(iii) The data is checked to ensure that the lot from which the devices originate are at the correct step in the manufacturing process, if not the carrier is removed from the system;
(iv) If at the correct stage, the devices (parts) are removed from the carrier by means of a robot 92 and carrier data is transferred to the processing equipment 94;
(v) The processing step is executed in the processing equipment 94;
(vi) After processing is finished, the parts are loaded back into the carrier by a robot 92 and process data is written into the information storage device by a writer 96;
(vii) The carrier is transferred to the next process step.
At any stage during or after processing or transfer between processing steps, the carrier data can be read into a central processing unit and analyzed to monitor progress of the parts through the manufacturing process and to identify potential problems in the process which can be corrected before the next lot of devices is processed.
|Cited Patent||Filing date||Publication date||Applicant||Title|
|US5305221 *||May 4, 1990||Apr 19, 1994||Atherton Robert W||Real world modeling and control process for integrated manufacturing equipment|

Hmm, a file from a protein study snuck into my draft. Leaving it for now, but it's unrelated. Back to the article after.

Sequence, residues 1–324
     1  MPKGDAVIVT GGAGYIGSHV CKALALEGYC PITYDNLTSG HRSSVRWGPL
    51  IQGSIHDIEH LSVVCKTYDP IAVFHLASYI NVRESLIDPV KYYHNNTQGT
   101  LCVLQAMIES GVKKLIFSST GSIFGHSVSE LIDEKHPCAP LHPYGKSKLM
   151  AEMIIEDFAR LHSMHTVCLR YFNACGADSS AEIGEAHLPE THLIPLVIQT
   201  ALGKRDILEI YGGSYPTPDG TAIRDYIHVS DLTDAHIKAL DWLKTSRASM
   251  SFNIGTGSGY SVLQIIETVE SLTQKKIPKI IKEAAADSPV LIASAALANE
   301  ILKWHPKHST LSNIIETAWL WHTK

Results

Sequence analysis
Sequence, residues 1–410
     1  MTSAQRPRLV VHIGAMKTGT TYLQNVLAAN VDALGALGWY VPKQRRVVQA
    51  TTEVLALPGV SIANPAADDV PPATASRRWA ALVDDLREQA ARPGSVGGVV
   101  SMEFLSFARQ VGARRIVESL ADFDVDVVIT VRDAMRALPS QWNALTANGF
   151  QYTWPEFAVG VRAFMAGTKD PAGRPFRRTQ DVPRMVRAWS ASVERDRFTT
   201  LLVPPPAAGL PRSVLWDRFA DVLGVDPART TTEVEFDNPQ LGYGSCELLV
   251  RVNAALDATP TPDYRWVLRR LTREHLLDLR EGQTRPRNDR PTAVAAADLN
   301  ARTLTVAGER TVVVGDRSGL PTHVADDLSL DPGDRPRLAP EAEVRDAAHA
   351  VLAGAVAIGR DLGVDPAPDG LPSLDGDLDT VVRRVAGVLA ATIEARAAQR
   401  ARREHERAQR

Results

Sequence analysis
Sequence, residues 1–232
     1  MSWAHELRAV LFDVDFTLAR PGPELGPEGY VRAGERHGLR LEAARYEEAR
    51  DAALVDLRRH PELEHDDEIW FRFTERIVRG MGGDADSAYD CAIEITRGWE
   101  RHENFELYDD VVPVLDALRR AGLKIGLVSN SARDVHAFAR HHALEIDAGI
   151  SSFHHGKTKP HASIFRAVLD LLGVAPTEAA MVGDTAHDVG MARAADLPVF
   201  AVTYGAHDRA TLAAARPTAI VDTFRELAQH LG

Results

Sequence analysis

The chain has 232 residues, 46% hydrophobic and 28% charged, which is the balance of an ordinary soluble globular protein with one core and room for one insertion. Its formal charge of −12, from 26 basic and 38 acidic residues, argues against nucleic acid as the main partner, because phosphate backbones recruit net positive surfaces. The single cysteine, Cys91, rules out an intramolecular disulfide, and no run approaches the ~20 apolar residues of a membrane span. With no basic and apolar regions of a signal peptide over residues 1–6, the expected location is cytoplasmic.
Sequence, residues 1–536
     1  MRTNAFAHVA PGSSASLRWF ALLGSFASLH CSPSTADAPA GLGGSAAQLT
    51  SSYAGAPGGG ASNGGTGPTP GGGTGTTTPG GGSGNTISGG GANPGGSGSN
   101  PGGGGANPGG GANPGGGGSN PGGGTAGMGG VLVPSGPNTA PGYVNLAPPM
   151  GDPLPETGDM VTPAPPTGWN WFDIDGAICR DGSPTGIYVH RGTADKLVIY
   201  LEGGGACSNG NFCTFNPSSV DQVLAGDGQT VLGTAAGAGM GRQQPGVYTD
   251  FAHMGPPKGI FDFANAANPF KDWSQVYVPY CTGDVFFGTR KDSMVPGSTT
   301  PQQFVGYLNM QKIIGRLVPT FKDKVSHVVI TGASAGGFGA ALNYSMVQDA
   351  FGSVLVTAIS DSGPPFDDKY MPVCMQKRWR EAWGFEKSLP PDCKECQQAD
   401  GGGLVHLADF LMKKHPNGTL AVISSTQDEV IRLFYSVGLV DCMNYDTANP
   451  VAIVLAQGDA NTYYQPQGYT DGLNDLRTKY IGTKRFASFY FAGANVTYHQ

|US5372471 *||Oct 4, 1993||Dec 13, 1994||United Microelectronics Corporation||Single semiconductor wafer transfer method and manufacturing system|
|US5625816 *||Apr 5, 1994||Apr 29, 1997||Advanced Micro Devices, Inc.||Method and system for generating product performance history|
|US5628828 *||Mar 3, 1995||May 13, 1997||Hitachi , Ltd.||Processing method and equipment for processing a semiconductor device having holder/carrier with flattened surface|
|US5642307 *||Jun 30, 1994||Jun 24, 1997||Advanced Micro Devices, Inc.||Die identifier and die indentification method|
|US5668056 *||Mar 21, 1995||Sep 16, 1997||United Microelectronics Corporation||Single semiconductor wafer transfer method and manufacturing system|
|1||*||C. H. Fancher, Smart Cards, pp 40 45, Scientific American, Aug. 1996.|
|2||C. H. Fancher, Smart Cards, pp 40-45, Scientific American, Aug. 1996.|
|Citing Patent||Filing date||Publication date||Applicant||Title|
|US6368901 *||Mar 8, 2001||Apr 9, 2002||Texas Instruments Incorporated||Integrated circuit wireless tagging|
|US6441606||Oct 17, 2000||Aug 27, 2002||Micron Technology, Inc.||Dual zone wafer test apparatus|
|US6567716 *||Jul 24, 2001||May 20, 2003||Mitsubishi Denki Kabushiki Kaisha||Semiconductor device production management system, and semiconductor device production method|
|US6580958 *||Nov 22, 1999||Jun 17, 2003||Canon Kabushiki Kaisha||Semiconductor manufacturing apparatus and device manufacturing method|
|US6627483||Mar 1, 1999||Sep 30, 2003||Formfactor, Inc.||Method for mounting an electronic component|
|US6640151 *||Dec 22, 1999||Oct 28, 2003||Applied Materials, Inc.||Multi-tool control system, method and medium|